The Importance of the Sea in Chopin’s The Awakening Essay

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The Importance of the Sea in Chopin’s The Awakening

Unlike María Eugenia, Edna in Kate Chopin’s The Awakening chooses not to fill her family’s expectations. As she takes her final steps into the sea she thinks to herself: “they need not have thought that they could possess her, body and soul” (655). Edna treasures her autonomy and chooses death over familial subjugation. However her transformational journey, alluded to by the title of the novel leads to more than the rejection of her self-sacrificing familial roles as wife and mother and her death.

We first meet Edna on her way back from a swim with Robert Lebrun, as Chopin begins to establish Edna’s burgeoning transformation in the context of her relationship with Robert and to
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She can find no happy medium between being the model wife and mother that her friend, Madame Ratignolle represents and the independent artist that Madame Reisz represents, while pursuing her relationship with Robert and staying true to herself.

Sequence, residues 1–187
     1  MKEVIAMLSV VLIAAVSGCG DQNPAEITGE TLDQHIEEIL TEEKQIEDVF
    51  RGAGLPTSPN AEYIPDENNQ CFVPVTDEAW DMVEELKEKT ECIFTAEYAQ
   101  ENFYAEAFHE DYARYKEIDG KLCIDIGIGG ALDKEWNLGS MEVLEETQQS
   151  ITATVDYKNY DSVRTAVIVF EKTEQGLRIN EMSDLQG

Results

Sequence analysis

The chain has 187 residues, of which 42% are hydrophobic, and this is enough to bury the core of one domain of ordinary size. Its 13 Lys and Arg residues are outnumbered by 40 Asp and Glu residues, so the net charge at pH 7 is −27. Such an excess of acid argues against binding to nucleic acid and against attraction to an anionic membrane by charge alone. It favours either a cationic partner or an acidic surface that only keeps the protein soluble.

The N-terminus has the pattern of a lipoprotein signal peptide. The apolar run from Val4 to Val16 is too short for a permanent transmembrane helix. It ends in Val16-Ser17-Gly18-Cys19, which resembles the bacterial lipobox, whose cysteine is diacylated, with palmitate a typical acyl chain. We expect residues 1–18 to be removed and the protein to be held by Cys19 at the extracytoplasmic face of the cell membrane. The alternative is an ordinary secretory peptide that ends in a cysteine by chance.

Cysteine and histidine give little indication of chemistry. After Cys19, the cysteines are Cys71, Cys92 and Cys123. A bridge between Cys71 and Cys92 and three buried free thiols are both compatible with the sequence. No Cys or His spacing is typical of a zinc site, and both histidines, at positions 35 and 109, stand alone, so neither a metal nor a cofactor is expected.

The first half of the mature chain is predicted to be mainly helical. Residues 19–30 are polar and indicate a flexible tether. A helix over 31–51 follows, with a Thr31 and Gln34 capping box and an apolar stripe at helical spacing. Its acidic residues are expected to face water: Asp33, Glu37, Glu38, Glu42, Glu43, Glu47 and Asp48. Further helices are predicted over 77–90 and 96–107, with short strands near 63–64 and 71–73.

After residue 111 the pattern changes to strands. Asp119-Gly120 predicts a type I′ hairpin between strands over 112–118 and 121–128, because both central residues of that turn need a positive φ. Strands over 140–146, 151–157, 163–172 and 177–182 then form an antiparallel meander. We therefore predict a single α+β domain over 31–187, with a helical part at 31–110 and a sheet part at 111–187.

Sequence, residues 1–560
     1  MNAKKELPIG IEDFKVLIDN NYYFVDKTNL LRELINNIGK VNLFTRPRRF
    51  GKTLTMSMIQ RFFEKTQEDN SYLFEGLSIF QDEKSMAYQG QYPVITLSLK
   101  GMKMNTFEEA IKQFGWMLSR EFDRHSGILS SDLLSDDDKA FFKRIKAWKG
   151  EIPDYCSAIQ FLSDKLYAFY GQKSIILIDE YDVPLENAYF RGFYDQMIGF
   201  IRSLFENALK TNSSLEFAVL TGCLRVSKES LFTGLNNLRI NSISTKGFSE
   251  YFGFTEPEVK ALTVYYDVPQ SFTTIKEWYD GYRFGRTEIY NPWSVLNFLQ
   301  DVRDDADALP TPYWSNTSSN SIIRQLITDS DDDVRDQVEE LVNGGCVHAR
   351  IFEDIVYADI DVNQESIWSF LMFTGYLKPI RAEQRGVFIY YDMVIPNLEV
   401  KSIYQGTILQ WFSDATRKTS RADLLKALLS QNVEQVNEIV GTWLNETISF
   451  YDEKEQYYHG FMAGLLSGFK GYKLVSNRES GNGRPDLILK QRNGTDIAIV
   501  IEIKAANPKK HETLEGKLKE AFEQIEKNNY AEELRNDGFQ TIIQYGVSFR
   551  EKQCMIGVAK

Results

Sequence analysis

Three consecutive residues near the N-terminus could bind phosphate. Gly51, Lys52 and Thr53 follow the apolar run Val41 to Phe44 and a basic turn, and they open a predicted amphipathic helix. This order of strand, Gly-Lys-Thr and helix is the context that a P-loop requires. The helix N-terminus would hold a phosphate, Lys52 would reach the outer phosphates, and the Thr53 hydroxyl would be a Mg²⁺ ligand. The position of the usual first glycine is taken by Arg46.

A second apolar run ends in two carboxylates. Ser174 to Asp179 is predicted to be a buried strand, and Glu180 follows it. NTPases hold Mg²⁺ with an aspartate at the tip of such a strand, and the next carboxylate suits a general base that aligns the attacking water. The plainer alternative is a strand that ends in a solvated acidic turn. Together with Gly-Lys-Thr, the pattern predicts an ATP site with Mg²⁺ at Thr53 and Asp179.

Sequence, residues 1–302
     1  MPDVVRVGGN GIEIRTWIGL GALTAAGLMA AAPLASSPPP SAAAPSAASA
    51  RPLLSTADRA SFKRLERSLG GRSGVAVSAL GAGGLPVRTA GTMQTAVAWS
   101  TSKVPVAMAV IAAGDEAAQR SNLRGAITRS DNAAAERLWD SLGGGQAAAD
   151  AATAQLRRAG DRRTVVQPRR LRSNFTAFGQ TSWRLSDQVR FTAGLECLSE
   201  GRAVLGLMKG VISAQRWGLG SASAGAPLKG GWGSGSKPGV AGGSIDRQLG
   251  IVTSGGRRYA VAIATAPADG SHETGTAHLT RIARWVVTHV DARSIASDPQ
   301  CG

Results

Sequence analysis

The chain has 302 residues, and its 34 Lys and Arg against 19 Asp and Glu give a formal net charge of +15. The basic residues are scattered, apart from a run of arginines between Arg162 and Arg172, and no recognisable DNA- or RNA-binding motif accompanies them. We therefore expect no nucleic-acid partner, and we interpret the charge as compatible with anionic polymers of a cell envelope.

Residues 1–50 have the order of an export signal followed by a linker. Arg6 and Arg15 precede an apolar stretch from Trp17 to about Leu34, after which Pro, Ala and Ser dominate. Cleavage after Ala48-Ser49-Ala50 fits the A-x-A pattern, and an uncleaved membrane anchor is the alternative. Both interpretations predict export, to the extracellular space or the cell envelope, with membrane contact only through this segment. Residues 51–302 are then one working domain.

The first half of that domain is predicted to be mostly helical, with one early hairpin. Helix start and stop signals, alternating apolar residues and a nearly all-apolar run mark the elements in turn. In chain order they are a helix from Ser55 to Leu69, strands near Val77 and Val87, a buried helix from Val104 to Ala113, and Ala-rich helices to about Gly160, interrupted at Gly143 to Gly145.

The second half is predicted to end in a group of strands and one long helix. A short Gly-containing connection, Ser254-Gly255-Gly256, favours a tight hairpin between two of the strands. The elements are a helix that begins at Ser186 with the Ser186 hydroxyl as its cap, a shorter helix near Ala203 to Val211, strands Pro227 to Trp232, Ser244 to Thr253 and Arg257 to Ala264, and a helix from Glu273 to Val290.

From the beginning of the story, the reader is alerted to the fact that Edna is experiencing an inner struggle to reconcile her relationships with Mr. Pontellier, Robert, and herself. When Edna comes back from her swim with Robert, Mr. Pontellier criticizes her; “What folly! to bathe at such an hour in such heat!” (Chopin 522). From the outset, Mr. Pontellier is opposed to the engagement with the water that Robert and Edna share. He is neither cognizant of the fact that Edna and Robert are falling in love, nor is he supportive of Edna’s transformation.

Later on in the story after Edna has taken up painting and refuses to receive callers, Mr. Pontellier calls up his friend, Dr. Mandelet to evaluate Edna’s mental state. Mr. Pontellier’s action is indicative of the women artist’s position in society at the time, what Virginia Woolf refers to as the “crazy woman in the attic.” During the late 1800’s, women that pursued their lives independently were thought of as insane. Madame Reisz represents this stereotype in the novel as the single, eccentric, piano-playing, abrasive old woman who encourages Edna to pursue her art. In contrast, Madame Ratignolle represents the ideal woman in society, a dedicated wife and
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